The good news for those who live outside of Canada is that you can purchase real estate in the country without having to be a resident or citizen. In fact, citizens of Canada who are out of the country for more than six months (182 days) are considered to be non-residents and are subject to the same rules as foreign real estate owners. It doesn’t matter where you live or what nation you’re a citizen of, everybody is welcome to purchase and own real estate in Canada. In addition, there aren’t any restrictions regarding the type of real estate you can own or the amount of it owned. However, be aware that there are no immigration privileges granted to non-resident property owners in Canada. This means you’ll still need the legal documents to reside in the country.
Non-residents generally require larger down payments for an investment property when they apply for a mortgage. This is usually a minimum of 35 percent of the price of the real estate and in some cases it may be as high as 50 percent. As with Canadian homeowners, non-residents will need to prove their income and credit rating etc. to prove they can afford the monthly payments. In addition, the interest rates may be higher than what residents pay.
Owning property in Canada as a non-resident can get a little complicated when it comes to taxes. It’s highly recommended that you get in touch with a mortgage or tax expert to find out as much information as you possibly can on this subject. In general, foreign buyers will pay the same land transfer taxes as residents and first-time buyers may get a rebate if the property will be used as a primary residence. Buying a property as a non-resident shouldn’t cost you anymore in taxes, but there are several forms which need to be completed if the property is sold. The Canada Revenue Agency (CRA) has numerous rules for this and it’s definitely worth your while to look over the tax implications on their website. But be aware that income tax has to be paid on an annual basis if the properties bring in income for a foreign owner. The one exception to this rule is that in British Columbia, as of August 2, 2016, a new foreign owners property purchase tax of 15% has come into effect, which has been done to try and curb the large number of foreign buyers entering the BC housing market for investment purposes. No other provinces in Canada are currently charging this tax other than BC.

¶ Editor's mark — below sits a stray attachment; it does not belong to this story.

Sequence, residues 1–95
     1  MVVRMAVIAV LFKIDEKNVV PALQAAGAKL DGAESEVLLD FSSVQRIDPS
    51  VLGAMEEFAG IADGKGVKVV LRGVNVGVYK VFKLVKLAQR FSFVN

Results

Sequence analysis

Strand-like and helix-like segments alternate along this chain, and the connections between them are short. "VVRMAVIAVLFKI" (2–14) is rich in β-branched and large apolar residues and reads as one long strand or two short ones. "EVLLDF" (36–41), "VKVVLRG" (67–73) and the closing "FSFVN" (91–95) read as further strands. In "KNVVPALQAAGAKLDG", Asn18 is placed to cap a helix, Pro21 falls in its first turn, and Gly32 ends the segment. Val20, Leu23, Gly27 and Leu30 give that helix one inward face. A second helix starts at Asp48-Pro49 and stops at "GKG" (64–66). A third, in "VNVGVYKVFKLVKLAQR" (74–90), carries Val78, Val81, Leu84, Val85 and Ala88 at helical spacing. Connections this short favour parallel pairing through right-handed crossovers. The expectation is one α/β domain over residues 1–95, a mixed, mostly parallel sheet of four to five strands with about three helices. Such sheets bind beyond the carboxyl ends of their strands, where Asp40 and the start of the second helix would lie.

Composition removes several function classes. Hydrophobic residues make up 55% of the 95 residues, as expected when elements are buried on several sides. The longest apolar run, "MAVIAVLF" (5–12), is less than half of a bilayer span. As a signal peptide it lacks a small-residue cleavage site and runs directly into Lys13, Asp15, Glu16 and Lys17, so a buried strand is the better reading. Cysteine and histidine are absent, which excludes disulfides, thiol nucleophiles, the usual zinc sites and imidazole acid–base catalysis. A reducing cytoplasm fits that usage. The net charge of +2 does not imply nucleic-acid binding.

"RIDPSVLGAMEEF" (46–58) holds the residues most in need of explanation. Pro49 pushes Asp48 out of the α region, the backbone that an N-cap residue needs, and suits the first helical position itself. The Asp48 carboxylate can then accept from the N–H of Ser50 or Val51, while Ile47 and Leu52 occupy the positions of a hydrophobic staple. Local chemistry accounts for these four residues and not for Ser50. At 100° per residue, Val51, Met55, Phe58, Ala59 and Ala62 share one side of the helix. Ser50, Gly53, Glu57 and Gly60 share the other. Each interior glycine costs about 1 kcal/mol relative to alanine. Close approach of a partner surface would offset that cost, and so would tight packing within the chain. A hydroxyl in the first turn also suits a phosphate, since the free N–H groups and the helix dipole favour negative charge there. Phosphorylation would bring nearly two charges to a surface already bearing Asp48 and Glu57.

International property buyers in Canada may find it costs more and is a little harder to obtain insurance for an investment property. And since you need home insurance to get a mortgage, you’ll need to look into this first before making an offer on real estate.
Making the offer
You don’t have to be in Canada to make an offer and to sign the legal documents since the digital world has made this easier. However, you may need to sign all of the mortgage documents in person or via an executed power of attorney.
Real estate advice
If you’re located outside of Canada, it’s highly recommended that you work hand in hand with somebody who knows the ins and outs of non-resident ownership. It’s a good idea to look for a mortgage broker and real estate agent with experience in non-resident properties. They’ll also be able to point you in the right direction when it comes to lenders, lawyers and property managers etc. With the right people helping you out, non-resident property ownership in Canada can become a lot less complicated and pretty straightforward.
MortgageMeister.com is a Toronto-based mortgage brokerage specializing in institutional and private financing for investment properties. Have questions about investing in Canadian real estate as a non-resident? Speak to one of our mortgage investment property specialists today and learn how you can start investing in Canadian real estate.